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RUSHTON, EDWARD (1756–1814), poet, son of Thomas Rushton, born in John Street, Liverpool, on 13 Nov. 1756, received his early education at the free school of Liverpool, and before he was eleven was apprenticed to a firm of West India shippers. At the age of sixteen he showed great intrepidity by guiding his ship into harbour after the captain had given it up for lost. He afterwards joined as mate in a slaving expedition to the coast of Guinea. The brutal treatment of the captives induced him to remonstrate with the captain, who threatened to place him in irons for mutiny. A little later the whole of the cargo was seized with malignant ophthalmia, and Rushton lost his own sight by exposing himself in relieving the wretched negroes. On his return he incurred the displeasure of his stepmother, and was driven from home to subsist as best he could on an allowance of four shillings a week. This he managed to do for seven years, while paying threepence a week to a boy to come and read to him every evening. In 1782 he published a political poem, ‘The Dismembered Empire,’ condemnatory of the American war. This poem and his fugitive pieces brought him some reputation, which led his father to relent and to establish him and one of his sisters in a tavern in Liverpool. About this time Rushton excited enmity in his native town by his opposition to the slave trade. He published his ‘West India Eclogues’ in 1787, and afterwards gave assistance to Thomas Clarkson when collecting evidence on the subject. In 1797 he published ‘An Expostulatory Letter to George Washington on his continuing to be a Proprietor of Slaves.’ He relinquished his tavern to take up the editorship, as well as a share in the proprietorship, of the ‘Liverpool Herald,’ from which he withdrew in 1790, owing to some outspoken remarks of his on the arbitrary proceedings of the Liverpool press-gang. Then he became a bookseller. Again he suffered from the decided part he took in politics at the beginning of the French revolution. He was one of the founders of a literary and philosophical society in Liverpool, and originated the idea of making provision for the indigent blind, afterwards carried out by the establishment of the Liverpool Blind Asylum.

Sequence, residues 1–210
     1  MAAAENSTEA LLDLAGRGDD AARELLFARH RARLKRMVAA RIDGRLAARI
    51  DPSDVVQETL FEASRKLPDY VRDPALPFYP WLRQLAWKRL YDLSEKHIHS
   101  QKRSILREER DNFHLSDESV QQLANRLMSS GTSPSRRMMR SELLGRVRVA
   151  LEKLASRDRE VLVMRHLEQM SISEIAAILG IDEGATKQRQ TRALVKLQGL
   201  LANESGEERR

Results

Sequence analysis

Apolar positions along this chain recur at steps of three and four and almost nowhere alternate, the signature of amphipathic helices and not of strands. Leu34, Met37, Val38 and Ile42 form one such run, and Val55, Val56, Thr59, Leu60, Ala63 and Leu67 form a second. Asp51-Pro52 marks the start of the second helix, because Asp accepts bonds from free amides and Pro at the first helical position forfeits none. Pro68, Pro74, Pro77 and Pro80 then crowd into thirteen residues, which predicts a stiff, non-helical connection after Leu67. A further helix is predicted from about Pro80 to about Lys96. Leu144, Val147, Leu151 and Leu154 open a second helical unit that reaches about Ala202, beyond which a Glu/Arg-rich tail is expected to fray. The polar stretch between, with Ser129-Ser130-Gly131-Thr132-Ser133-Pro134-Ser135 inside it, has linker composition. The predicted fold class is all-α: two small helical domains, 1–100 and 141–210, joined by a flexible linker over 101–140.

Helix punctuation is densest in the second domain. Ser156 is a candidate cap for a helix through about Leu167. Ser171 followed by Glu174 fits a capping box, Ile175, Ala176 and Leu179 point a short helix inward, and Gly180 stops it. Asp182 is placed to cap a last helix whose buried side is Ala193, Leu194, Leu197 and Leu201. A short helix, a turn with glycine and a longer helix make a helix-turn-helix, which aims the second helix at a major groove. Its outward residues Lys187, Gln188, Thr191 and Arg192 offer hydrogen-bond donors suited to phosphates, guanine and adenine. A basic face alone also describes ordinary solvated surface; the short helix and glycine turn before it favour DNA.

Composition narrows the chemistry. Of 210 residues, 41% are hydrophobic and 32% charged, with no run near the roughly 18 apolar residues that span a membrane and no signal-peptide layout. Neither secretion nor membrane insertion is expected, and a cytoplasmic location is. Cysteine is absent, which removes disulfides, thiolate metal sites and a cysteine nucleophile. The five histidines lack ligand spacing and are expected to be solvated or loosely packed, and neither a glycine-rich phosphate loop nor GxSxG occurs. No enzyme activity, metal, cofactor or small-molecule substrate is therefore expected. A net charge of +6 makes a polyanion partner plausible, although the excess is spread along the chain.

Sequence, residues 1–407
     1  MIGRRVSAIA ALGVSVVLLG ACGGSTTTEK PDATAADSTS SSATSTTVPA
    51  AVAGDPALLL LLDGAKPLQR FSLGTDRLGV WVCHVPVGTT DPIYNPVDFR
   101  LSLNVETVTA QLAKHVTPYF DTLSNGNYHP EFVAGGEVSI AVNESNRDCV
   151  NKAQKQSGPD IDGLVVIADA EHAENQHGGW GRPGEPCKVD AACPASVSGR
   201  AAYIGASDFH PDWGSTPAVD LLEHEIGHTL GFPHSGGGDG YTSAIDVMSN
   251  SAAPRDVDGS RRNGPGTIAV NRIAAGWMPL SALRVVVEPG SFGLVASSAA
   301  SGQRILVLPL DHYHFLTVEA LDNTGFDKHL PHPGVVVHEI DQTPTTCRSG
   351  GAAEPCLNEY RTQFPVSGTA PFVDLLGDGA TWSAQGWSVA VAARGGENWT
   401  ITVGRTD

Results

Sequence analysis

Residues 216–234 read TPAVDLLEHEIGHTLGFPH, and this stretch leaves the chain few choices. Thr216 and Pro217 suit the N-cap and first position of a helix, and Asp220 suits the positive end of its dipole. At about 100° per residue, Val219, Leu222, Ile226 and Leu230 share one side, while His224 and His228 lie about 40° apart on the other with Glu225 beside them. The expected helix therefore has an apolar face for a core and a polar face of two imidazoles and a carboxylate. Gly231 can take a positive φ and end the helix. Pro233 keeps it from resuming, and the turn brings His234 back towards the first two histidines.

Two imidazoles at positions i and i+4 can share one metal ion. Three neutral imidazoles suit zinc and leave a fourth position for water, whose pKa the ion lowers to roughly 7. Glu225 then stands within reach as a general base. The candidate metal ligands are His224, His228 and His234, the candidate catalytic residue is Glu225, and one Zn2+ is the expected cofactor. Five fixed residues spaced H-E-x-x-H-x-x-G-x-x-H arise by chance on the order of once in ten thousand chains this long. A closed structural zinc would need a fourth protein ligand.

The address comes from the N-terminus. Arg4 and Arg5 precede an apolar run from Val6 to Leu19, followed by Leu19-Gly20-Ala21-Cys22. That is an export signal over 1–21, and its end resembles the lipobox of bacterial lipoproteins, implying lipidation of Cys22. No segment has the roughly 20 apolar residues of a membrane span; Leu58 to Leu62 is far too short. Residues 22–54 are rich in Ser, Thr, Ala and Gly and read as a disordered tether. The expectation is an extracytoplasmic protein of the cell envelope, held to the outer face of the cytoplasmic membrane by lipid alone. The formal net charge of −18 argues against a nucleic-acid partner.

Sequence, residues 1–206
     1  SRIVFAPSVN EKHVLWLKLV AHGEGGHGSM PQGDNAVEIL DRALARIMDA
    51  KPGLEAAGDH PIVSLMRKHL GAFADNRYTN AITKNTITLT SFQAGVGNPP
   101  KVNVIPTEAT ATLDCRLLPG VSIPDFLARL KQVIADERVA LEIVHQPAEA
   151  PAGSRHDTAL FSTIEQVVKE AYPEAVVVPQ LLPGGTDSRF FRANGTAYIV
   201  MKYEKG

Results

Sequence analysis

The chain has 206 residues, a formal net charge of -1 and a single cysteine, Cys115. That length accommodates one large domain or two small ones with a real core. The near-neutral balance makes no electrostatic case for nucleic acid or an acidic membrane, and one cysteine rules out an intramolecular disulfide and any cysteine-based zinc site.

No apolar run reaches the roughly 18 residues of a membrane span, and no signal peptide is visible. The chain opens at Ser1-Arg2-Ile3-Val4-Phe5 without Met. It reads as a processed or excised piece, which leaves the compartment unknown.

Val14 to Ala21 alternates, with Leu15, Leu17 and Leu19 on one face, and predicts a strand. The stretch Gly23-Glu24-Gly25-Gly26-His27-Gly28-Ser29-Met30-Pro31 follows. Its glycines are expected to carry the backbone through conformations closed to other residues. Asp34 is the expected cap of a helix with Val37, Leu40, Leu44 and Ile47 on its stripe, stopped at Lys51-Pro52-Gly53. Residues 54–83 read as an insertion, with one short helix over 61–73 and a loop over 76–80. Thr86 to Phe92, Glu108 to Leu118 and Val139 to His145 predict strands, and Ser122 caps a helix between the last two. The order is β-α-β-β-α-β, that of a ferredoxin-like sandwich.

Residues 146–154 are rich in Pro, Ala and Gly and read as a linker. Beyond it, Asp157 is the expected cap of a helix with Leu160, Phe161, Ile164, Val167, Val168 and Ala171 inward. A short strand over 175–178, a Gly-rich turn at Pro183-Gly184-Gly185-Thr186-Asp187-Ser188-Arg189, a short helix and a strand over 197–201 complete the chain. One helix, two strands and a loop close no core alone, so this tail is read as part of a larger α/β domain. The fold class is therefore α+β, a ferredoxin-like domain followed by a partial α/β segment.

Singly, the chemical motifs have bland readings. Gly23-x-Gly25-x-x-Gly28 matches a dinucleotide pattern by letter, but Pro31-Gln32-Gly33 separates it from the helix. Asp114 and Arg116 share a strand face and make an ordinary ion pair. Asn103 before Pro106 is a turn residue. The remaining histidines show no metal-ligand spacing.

In 1806 he collected his scattered poems, a second edition of which, with additions, and including his letter to Washington and an essay on the ‘Causes of the Dissimilarity of Colour in the Human Species,’ was published in 1824, with a memoir of the author, by the Rev. William Shepherd [q. v.]

In 1807, after thirty-three years of blindness, his sight was restored through an operation by Benjamin Gibson of Manchester. He died of paralysis on 22 Nov. 1814, at his residence in Paradise Street, Liverpool, and was buried in St. James's churchyard. His wife, Isabella, died in 1811.

His son, Edward Rushton (1796–1851), was a printer and stationer, and a leading member of the reform party in Liverpool. Cobbett called him ‘Roaring Rushton,’ from his loud but fine voice, strenuous manner, and excitability of temper. At the suggestion of Canning he went to the bar, and was ultimately, in 1839, appointed stipendiary magistrate of Liverpool. He died on 4 April 1851, aged 55.

[Shepherd's Memoir; Procter's Literary Reminiscences, 1860, p. 141; Picton's Memorials of Liverpool, 1873, i. 426, ii. 166, 215; Bowker's Liverpool Celebrities, 1876; Bannister's Worthies of the Working Classes, 1854, p. 7.]

C. W. S.